Halo Nightfall Review



With more work, Halo Nightfall could have been something special for fans and it could have connected the events from Halo 4 and Guardians in some entertaining ways.


I’ve always felt that the Halo series would go along well with a movie or series. Sometimes the games don’t make enough of an effort to explain the events that transpire in the Halo universe and even a two-hour movie would complement the story nicely. Maybe someone at 343 Industries feels the same way which is why they brought us Halo Nightfall, a five-part digital series that follows Agent Locke, one of the secondary playable characters from Halo 5: Guardians, as he investigates the origin of a bio-weapon that only targets humans.

Nightfall tells the story of a group of ONI and UNSC soldiers who travel to the remains of a Halo ring to drop a nuclear weapon and annihilate the surviving aliens before they can attack Earth again. But the soldiers suffer an accident on their way down to the planet and they need to salvage a ship and the small ship only has room for just two people. Apparently, the use of technology attracts the swarm of flesh-eating worms that infest Halo and the survivors need to escape before the sun comes up and scorches the surface of the planet.

While everything you remember from the games is here in some form (Covenant, UNSC soldiers, Elite, Halo and so on,) the special effects aren’t that good and the story’s nothing to write home about. I feel like Nightfall comes from a good place, but the series’ budget doesn’t align with its ambitions. As a consequence, Nightfall feels like a SyFy Channel series.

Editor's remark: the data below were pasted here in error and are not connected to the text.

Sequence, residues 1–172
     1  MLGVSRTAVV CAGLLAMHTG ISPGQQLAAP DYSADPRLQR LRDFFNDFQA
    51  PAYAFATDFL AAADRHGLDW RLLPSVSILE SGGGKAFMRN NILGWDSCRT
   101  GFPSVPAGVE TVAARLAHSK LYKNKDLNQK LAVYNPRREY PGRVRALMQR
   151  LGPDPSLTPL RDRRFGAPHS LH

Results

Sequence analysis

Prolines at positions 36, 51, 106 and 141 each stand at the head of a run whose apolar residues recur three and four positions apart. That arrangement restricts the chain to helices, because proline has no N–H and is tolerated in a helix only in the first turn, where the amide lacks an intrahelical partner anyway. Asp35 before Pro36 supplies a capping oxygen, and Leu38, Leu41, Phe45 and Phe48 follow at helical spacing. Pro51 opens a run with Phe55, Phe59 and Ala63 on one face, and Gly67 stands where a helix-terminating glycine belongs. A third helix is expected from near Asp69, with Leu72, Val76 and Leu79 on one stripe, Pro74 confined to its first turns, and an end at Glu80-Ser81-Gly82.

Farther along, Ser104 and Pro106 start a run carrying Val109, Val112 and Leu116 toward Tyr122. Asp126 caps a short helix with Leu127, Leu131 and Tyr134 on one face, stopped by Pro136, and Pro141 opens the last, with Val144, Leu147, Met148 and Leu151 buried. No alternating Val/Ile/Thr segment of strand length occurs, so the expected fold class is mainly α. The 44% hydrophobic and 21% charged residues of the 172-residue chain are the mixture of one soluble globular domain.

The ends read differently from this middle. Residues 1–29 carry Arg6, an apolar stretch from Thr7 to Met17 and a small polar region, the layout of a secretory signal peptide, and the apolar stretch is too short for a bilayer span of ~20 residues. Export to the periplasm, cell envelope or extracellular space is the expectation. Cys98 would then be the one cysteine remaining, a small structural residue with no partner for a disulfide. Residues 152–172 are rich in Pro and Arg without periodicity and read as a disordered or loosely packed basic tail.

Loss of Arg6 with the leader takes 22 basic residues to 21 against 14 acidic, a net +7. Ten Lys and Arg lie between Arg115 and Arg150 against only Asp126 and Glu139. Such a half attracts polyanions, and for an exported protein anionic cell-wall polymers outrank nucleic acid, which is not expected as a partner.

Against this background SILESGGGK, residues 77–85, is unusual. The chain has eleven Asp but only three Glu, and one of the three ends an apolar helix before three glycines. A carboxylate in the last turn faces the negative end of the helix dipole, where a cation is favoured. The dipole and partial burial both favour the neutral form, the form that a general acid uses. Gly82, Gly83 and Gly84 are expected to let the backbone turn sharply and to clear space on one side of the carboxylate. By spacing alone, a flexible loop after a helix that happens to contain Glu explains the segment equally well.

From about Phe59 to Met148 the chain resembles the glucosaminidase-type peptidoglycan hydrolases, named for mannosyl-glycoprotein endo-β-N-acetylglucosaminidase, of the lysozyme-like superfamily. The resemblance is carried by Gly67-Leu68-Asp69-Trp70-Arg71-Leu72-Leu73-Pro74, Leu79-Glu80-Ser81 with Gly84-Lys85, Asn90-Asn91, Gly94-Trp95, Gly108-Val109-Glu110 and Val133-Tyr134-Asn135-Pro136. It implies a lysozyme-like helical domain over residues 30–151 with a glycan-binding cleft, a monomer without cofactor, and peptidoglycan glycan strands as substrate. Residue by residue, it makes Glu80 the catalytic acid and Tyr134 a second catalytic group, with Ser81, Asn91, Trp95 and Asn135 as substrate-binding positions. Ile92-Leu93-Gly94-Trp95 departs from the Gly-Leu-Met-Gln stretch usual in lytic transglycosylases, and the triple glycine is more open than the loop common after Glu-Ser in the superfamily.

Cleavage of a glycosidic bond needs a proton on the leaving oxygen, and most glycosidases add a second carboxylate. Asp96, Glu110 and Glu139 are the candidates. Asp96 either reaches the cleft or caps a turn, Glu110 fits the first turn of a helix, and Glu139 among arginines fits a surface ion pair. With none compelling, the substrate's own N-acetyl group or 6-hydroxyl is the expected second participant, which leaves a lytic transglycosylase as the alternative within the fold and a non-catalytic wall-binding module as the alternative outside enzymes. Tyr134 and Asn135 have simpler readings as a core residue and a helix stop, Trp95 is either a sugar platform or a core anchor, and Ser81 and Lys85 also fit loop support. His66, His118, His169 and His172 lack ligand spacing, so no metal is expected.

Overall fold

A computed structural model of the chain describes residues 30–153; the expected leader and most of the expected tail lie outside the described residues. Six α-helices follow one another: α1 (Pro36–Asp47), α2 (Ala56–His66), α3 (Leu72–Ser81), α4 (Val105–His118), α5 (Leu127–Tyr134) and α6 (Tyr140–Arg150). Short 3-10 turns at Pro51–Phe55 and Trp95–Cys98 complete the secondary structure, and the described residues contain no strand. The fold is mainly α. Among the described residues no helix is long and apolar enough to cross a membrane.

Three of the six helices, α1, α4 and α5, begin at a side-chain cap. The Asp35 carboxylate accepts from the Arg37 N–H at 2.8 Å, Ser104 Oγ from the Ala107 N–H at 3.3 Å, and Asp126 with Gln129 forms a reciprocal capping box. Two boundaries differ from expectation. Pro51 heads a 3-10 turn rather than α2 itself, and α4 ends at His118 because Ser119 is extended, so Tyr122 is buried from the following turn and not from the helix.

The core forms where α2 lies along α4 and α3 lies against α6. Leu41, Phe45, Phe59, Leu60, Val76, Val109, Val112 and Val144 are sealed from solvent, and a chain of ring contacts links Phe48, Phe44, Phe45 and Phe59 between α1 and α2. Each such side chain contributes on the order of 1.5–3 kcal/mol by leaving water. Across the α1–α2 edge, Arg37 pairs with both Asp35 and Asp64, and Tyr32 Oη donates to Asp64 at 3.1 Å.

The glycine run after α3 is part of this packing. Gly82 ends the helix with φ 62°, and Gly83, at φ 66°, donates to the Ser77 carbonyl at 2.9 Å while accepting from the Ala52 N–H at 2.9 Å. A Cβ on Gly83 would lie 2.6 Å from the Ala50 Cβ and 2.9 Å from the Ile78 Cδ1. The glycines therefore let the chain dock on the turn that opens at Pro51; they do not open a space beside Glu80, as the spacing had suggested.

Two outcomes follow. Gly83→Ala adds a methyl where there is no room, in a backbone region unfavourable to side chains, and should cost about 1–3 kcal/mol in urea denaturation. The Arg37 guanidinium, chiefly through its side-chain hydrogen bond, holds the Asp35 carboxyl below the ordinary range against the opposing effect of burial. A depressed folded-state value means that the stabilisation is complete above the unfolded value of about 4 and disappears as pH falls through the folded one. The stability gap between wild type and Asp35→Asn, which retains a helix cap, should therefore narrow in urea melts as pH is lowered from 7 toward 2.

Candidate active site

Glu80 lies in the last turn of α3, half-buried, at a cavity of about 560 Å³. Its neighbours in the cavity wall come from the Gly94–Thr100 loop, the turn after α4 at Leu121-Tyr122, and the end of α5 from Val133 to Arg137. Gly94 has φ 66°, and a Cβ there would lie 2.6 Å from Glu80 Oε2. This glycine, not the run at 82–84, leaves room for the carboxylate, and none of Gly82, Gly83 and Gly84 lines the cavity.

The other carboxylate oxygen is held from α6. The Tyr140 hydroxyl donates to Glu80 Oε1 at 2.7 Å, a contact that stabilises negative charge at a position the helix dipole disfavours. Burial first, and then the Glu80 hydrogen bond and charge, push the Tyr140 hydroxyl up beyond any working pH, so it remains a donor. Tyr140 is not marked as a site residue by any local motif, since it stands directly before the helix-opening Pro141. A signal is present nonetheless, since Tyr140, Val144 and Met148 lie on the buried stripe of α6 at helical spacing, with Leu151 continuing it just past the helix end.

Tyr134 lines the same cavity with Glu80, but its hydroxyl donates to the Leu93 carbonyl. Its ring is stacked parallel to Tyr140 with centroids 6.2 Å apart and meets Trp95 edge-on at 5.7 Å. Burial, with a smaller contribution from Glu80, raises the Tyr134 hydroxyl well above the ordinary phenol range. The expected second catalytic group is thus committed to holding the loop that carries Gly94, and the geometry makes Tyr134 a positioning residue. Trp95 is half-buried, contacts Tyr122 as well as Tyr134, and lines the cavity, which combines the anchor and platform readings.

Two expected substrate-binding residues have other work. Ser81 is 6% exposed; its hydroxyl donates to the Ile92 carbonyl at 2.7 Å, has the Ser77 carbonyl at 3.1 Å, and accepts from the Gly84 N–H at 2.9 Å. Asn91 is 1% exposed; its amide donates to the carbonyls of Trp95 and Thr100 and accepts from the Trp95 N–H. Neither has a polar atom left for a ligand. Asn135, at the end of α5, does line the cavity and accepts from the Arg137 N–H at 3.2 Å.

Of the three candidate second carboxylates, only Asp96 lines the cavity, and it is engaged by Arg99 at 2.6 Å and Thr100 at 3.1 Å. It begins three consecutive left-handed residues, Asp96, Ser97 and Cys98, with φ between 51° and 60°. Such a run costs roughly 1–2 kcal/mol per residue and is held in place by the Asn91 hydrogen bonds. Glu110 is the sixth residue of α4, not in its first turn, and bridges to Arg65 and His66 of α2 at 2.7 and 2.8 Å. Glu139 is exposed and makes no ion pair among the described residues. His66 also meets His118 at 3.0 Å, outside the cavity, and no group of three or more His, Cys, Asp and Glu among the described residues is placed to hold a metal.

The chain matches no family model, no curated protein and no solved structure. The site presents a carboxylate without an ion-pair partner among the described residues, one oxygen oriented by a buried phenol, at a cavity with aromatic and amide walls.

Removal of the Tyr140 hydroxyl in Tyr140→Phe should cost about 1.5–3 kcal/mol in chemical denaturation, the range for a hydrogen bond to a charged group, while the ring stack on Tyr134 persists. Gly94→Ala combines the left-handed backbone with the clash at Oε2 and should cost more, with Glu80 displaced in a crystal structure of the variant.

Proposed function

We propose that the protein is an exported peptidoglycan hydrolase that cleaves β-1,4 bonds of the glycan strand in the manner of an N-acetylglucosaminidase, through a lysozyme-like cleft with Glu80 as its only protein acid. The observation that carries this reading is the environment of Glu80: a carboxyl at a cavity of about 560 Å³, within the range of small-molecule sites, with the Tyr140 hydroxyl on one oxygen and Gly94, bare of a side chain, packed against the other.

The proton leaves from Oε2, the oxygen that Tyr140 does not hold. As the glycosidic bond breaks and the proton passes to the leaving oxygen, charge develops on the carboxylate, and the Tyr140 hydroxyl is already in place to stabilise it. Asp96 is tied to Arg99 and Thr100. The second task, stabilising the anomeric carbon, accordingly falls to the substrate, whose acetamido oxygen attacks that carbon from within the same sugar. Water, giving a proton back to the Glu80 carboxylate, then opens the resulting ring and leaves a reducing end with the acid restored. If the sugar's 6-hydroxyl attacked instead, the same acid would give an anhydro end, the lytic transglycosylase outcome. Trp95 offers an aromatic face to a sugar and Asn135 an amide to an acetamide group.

Forward unto Dawn, Halo’s previous webseries that came out to promote the fourth entry in the series, also shared some of these qualities. It also felt like a promotional material that was unnecessary. If you’re going to make the effort to release a Halo series, you should at least try to tell a compelling story with characters we know and love and something that complements the game it promotes. Neither Nightfall nor Forward unto Dawn are the series that Halo fans have been looking forward to.

It’s worth mentioning that I reviewed Nightfall from Halo: The Master Chief Collection where the series is available as an extra. The series is accessible on the Halo Channel application where you can watch all five episodes, as well as other content like promotional material, Comic-Con panels and so on. The entertaining part about this webseries is that, as you keep watching, you unlock short videos called “Second Story” that reveal more about the context and random characters. None of these videos are essential to understand the arc and if you watch them as they unlock, the process can be somewhat disruptive. That said, those looking for the most complete version of Nightfall should watch it from this compilation.

With more work, Halo Nightfall could have been something special for fans and it could have at least connected the events from Halo 4 and Guardians in some entertaining ways. But its poor special effects, a string of events that barely ties to the games and a story that’s not that memorable to begin with, Nightfall is a nice diversion to have if you get Halo the Master Chief Collection or if you want to watch it on YouTube, but that’s about it.